OSHA has published the final rule revising 29 CFR 1910.269 and 1926 Subpart V. This update is expected to save more than 20 lives and prevent 118 serious injuries each year by clarifying and expanding the employer’s responsibility to provide and maintain appropriate arc rated clothing for employees based on reliable estimates of workplace hazards.
Tyndale has been an active participant in the FR industry for more than 30 years, and our knowledge of industry regulation ensures your workers are compliant with the new OSHA 1910.269. As both a manufacturer and distributor of arc-rated and flame resistant clothing, Tyndale seeks to help employers understand the final ruling’s impact and how to properly protect your employees. Tyndale has developed a training video to help both employers and employees understand best practices for maintenance and inspection of FR clothing. Here are some important points that are covered in the video:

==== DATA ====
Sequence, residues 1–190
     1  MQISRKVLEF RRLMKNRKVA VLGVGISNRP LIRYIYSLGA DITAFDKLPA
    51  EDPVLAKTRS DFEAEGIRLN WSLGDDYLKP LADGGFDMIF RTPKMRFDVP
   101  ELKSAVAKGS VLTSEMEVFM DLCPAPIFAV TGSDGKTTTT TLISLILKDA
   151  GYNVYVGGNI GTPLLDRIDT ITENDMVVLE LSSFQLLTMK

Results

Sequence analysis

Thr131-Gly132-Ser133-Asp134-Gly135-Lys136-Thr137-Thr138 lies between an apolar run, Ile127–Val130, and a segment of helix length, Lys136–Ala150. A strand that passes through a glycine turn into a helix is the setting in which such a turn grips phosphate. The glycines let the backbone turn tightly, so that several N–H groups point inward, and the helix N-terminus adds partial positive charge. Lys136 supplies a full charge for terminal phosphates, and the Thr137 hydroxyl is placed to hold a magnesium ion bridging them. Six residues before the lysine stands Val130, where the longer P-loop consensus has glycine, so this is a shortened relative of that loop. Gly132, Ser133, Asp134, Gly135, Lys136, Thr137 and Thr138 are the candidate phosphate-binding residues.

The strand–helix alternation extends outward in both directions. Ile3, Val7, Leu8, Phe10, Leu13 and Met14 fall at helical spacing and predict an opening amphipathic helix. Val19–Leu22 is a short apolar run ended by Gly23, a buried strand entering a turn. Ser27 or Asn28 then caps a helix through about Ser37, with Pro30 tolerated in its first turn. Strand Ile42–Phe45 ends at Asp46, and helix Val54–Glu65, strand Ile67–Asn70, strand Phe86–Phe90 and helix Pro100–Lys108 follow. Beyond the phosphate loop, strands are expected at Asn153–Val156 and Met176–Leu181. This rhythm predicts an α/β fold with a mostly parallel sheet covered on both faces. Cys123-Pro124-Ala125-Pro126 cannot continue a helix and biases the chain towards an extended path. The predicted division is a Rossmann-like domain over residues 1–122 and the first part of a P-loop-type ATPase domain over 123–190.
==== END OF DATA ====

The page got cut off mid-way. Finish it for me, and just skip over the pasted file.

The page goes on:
Tyndale maintains an active role in the organizations establishing safety standards and test methods and is committed to helping your workers stay comfortable, safe, and compliant with these new rulings. As always, Tyndale is Proud to Protect.
This video says to avoid Fabric softener but you in your three part series you say it has no impact on performance.
which is the right way?
Thanks for your comment, David. As a best practice, Tyndale recommends avoiding the use of fabric softener on FR clothing only because many fabric softeners include a warning label against using on flame resistant clothing. In laboratory testing, when fabric softener is used in excess, it may coat FR fabric and support flame in very specific situations. However, it is difficult for this build-up to occur in real life. Regardless, our general policy is to never recommend using a product against its instructions.